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Reframing grief into manageable pieces

Posted by joanie38 (My Page) on
Mon, Jan 8, 07 at 12:15

I know the title sounds a little odd, but I continue to have trouble coping with my parent's deaths - 7 months apart. I seem to function best when I don't think about them at all. It seems that remembering them drags up what I know longer have - then I remember HOW they died, and I just cannot cope with that. So I just keep busy, which is avoidance I know. I think people may think I'm crazy. Because I'm not really dealing with my feelings, my overwhelming sadness comes out unexpectedly - often in church. I feel like people are thinking "why aren't you over this already?, it's been almost 2 years!".
For me, it's just sad enough that I lost people that I loved so much and I have this void in my life. I know that death is a part of life, and I believe in heaven, and I believe I will see them again. I think what I can't get past is WATCHING them die, and being so unprepared for it all, and inexperienced with it all, and all of the stress in dealing with my family members though it all. I am trying to reframe these memories into something more comforting and understandable, and logical. Does anyone do this? How do you do this? I don't want to go through the rest of my life in this anguish and being unable to view pictures of my parents or just remember them joyfully.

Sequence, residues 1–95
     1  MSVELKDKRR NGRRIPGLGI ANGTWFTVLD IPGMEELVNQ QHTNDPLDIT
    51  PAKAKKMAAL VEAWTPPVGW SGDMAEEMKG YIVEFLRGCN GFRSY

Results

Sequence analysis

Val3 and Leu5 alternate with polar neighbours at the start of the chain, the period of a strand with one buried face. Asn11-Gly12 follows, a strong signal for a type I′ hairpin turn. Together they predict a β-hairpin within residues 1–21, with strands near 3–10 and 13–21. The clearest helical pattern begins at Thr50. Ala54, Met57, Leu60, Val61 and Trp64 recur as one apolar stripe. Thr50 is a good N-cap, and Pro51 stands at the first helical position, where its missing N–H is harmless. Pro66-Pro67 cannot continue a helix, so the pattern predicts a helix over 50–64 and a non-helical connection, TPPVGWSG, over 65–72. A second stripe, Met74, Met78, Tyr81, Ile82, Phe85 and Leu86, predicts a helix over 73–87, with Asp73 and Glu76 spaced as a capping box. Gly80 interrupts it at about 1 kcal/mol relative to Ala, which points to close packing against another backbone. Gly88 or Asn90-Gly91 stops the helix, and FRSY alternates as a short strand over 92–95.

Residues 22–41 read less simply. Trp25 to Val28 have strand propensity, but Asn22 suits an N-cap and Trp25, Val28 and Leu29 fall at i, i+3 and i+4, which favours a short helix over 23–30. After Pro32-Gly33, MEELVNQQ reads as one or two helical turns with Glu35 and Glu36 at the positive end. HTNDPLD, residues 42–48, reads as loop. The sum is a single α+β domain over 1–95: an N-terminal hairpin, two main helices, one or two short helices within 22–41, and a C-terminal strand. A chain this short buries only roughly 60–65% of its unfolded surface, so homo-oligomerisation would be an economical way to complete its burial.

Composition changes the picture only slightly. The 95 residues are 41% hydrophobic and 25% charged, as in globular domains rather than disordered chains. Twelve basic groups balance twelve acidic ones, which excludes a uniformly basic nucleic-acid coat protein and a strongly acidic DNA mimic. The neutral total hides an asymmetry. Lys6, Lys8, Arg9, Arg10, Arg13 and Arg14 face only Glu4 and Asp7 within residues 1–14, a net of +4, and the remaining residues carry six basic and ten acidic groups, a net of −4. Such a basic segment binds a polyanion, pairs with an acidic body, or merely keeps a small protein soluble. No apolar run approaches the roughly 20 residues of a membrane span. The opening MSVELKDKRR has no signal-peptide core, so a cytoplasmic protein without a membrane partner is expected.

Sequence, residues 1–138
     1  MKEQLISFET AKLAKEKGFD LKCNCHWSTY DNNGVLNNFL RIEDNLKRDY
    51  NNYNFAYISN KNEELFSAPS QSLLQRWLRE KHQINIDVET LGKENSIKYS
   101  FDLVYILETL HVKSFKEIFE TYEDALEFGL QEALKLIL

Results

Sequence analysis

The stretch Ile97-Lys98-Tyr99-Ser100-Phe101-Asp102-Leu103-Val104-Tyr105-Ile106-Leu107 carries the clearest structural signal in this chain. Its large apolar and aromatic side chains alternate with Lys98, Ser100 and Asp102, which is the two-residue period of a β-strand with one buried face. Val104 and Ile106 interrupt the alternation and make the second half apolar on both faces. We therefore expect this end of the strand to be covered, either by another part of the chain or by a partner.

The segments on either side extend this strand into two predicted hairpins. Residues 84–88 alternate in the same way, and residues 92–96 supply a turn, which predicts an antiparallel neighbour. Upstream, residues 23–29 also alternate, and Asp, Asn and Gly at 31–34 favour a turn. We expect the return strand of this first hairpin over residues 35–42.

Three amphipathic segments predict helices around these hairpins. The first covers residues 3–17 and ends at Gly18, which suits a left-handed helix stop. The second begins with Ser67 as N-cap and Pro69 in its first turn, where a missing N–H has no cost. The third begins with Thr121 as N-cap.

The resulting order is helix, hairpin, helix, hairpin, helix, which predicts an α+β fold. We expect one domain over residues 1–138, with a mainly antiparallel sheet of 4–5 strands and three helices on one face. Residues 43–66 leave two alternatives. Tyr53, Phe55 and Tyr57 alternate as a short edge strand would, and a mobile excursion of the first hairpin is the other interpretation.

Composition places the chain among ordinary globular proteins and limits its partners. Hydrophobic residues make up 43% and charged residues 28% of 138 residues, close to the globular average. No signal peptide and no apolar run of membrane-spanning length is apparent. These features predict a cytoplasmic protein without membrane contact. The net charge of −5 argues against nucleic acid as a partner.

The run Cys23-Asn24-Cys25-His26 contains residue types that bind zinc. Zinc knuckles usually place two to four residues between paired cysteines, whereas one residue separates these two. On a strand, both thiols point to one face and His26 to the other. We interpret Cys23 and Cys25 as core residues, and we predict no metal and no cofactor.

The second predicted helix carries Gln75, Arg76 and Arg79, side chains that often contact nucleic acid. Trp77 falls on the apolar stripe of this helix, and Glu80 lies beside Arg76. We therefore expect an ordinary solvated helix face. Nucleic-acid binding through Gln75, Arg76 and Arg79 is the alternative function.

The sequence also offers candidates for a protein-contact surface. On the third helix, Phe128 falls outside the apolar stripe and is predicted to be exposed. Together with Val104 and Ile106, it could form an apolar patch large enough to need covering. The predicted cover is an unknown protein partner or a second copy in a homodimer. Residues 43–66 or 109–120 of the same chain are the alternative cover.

Thanks, Joanie


Follow-Up Postings:

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RE: Reframing grief into manageable pieces

I don't think anybody will think you are odd or crazy because you are still grieving. If they do, they haven't experienced it themselves. You went through two very traumatic events within 7 months and perhaps you have delayed stress reaction. Anyway, you have a right to what ever feelings you have.